Table 1: Comparison of RBC indicators between the normal and RP group.
Figure 1: Comparison of RBC indicators between the normal and RP group. All data were in accordance with the normal distribution, and two independent samples t-tests were performed for comparison. was considered statistically significant; was considered statistically very significant.
3.2. Comparison of WBC Indicators between the Normal and RP Group

The indicators of WBC counts and NEU counts were in accordance with the normal distribution, and two independent t-tests were performed for analysis; the other data in the RP group and normal group were both not in accordance with the normal distribution, and two independent samples rank sum tests were performed. BASs in patients with RP were lower than those in the normal control, and the differences were statistically very significant (). However, there were no statistically significant differences in the count of WBC, NEU, LYM, MON, and EOS between the RP group and the normal control (). Data are presented in Table 2 and Figure 2.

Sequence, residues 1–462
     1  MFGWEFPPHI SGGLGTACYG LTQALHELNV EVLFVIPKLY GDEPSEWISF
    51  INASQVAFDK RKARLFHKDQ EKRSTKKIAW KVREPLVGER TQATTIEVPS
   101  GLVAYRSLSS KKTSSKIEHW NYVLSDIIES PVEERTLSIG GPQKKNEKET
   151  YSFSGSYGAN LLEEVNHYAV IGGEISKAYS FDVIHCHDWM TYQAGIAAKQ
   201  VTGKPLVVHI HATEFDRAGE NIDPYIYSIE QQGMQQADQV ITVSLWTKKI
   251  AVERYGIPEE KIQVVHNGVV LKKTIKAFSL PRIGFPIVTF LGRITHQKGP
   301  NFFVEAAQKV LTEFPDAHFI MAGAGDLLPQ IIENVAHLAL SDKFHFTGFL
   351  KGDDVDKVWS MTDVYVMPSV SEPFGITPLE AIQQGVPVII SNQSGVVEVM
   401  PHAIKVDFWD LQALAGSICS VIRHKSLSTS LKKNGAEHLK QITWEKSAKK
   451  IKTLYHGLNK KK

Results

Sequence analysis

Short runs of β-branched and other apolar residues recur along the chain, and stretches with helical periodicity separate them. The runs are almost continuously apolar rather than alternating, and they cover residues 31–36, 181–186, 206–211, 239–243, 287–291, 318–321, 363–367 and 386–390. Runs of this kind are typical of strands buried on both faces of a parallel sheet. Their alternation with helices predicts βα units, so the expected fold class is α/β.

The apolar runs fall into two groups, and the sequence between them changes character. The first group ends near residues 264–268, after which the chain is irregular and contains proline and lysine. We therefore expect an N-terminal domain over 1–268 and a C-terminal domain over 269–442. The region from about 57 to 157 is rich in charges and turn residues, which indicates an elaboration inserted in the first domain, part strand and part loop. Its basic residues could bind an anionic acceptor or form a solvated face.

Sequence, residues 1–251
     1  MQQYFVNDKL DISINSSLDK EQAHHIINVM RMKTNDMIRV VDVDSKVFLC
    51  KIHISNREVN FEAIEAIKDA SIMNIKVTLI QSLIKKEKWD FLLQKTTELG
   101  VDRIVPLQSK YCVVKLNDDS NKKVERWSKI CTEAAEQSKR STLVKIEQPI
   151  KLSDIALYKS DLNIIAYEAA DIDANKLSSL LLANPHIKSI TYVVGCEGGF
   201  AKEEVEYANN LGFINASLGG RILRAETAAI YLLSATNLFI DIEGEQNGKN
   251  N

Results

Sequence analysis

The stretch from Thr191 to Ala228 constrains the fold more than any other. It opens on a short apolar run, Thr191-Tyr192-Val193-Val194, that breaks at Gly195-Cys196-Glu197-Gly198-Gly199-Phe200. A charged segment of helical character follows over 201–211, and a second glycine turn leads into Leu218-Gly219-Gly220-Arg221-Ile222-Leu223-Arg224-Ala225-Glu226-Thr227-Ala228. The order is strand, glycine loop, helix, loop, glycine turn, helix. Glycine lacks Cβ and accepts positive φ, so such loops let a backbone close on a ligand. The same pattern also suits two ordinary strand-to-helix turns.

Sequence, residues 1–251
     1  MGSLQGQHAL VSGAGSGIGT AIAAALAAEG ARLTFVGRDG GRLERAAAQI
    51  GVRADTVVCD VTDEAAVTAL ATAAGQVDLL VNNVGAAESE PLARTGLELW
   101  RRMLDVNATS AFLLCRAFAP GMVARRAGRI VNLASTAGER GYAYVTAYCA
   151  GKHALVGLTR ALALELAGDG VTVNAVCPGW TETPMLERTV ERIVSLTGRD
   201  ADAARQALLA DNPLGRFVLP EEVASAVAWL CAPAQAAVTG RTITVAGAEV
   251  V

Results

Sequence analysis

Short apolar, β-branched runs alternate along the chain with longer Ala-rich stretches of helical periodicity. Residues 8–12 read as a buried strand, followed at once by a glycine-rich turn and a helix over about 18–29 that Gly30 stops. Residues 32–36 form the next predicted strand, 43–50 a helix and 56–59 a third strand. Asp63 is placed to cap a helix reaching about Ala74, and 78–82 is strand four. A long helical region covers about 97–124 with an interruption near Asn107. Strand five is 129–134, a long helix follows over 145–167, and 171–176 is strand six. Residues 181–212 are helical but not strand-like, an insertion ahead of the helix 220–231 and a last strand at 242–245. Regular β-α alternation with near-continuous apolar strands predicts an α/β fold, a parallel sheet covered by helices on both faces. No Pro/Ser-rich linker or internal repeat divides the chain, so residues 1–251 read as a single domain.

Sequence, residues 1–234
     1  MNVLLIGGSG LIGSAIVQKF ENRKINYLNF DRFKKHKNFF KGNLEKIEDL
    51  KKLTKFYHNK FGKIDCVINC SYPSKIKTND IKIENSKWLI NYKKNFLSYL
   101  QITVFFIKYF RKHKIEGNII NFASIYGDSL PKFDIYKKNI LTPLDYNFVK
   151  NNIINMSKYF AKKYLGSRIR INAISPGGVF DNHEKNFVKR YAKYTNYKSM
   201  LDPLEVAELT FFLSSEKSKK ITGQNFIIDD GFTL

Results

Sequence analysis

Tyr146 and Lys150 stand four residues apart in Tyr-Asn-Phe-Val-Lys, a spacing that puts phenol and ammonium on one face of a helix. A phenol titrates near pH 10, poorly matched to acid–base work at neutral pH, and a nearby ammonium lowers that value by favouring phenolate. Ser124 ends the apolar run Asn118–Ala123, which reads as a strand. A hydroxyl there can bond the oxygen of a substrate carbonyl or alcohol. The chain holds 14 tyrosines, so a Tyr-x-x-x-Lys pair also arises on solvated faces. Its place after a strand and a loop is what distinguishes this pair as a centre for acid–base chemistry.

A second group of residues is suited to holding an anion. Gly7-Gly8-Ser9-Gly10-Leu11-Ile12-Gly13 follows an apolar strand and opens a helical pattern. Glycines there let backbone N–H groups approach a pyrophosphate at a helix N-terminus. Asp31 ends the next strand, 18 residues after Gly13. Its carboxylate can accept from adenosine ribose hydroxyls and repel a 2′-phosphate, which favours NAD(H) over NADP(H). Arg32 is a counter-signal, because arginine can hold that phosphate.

Table 2: Comparison of WBC indicators between the normal and RP group.
Figure 2: Comparison of WBC indicators between the normal and RP group. Two independent samples T-tests were performed for comparing data of WBC and NEU counts. Two independent samples rank sum test was performed for other data. was considered statistically significant. was considered statistically very significant.
3.3. Comparison of PLT Indicators between the Normal and RP Group

The count of PLT both in the RP group and normal group was in accordance with the normal distribution, and two independent samples T-test was performed. The other data both in RP group and normal group were not in accordance with the normal distribution, and two independent samples rank sum test was performed. PDW in patients with RP was higher than that in the normal control. PLT counts and PCT in patients with RP were lower than those in the normal control. The differences in PLT counts, PCT, and PDW between the RP group and normal control were statistically very significant (). There were no statistically significant differences in the MPV between the RP group and normal group (). Data are presented in Table 3 and Figure 3.